Longest post title ever? Possibly. Gotta love nonfiction books.
This is known: there exists an alternate-universe version of me who has a Ph.D and works as either an astronomer or a planetary geologist. I’ve been fascinated by this stuff for as long as I can remember, and every now and again I really wonder how it is that I didn’t take all that much math and science in college.
(Actually, I know why that’s true. My current enjoyment of mathematics dates to realizing how fascinating statistics was when I had to take a stats class for my … oh, wait, I was a Psychology major, among other things, so I guess I did have to take a fair number of science classes in college.)
(Let’s say “hard science” classes and piss off the psychology people. Like, science with math, which– other than stats– Psychology really doesn’t trouble itself all that much with. Shut up you know what I mean.)
Anyway. I followed the New Horizons mission with no small degree of fascination, and the data they’ve acquired about Pluto and its associated moons is endlessly interesting. Earlier this year the spacecraft did a flyby on a Kuiper Belt object now known as Arrokoth, and I believe there’s at least one more KBO flyby planned before the craft is shut down. Stern and Grinspoon’s book isn’t so much about the science, or about Pluto, however; it’s about the 20-plus-year effort to get the mission to explore the ninth planet(*) approved and the political and scientific process by which the mission itself actually came to be. As it turns out, there were a lot of people who for one reason or another didn’t want New Horizons to happen, and the mission was either actually cancelled or nearly cancelled five or six times, to say nothing of the number of times where something went wrong with the craft itself. For example, I wasn’t aware that they lost contact with the craft just a few days before the Pluto flyby began, and the book’s description of the mad scramble to not only reestablish contact with the by-then-several-billion-miles-away craft but to then slowly re-upload a bunch of mission-critical code updates before the thing sped by Pluto at thousands of miles per hour is compelling as hell.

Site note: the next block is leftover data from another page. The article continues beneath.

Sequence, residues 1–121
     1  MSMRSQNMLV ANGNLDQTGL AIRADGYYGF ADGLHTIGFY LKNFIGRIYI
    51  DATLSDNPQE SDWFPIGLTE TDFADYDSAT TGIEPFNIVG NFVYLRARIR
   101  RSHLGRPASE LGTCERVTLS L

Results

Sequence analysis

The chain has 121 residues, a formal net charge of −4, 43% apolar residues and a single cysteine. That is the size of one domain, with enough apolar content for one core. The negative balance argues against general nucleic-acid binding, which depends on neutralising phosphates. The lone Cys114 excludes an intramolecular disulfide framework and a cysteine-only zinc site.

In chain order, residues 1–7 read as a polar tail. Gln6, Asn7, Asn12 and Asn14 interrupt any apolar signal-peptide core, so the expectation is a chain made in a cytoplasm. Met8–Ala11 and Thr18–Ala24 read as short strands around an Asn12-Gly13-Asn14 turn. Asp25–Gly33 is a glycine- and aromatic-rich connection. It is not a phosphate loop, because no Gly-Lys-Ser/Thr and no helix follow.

So, yes– this book is less a work of popular science or a textbook about Pluto than it is a book about history and politics. It’s about the mission, not the planet, and while I wasn’t quite aware of that when I picked it up it’s no less of a good read for it– I’m always down to read something about NASA’s inner workings, and some of the squabbling that takes place between Caltech’s JPL (Jet Propulsion Laboratory) and the Applied Physics Laboratory (APL) at Johns Hopkins over who was going to actually design and build the spacecraft that eventually became New Horizons is pretty damn cool. One way or another, while I haven’t read a ton of nonfiction this year I’m glad I finally let this stop languishing on my shelf and picked it up. You’ll probably see it mentioned again in a month or so, when I write my 10– or possibly 15– best books of the year post for 2019. In the meantime, check it out.
(*) For most of the book, Pluto is very much considered a planet, and the authors’ open derision toward the new definition of “planet” that reclassified Pluto is hilarious. Needless to say, for these guys Pluto is the ninth planet and it ain’t going anywhere.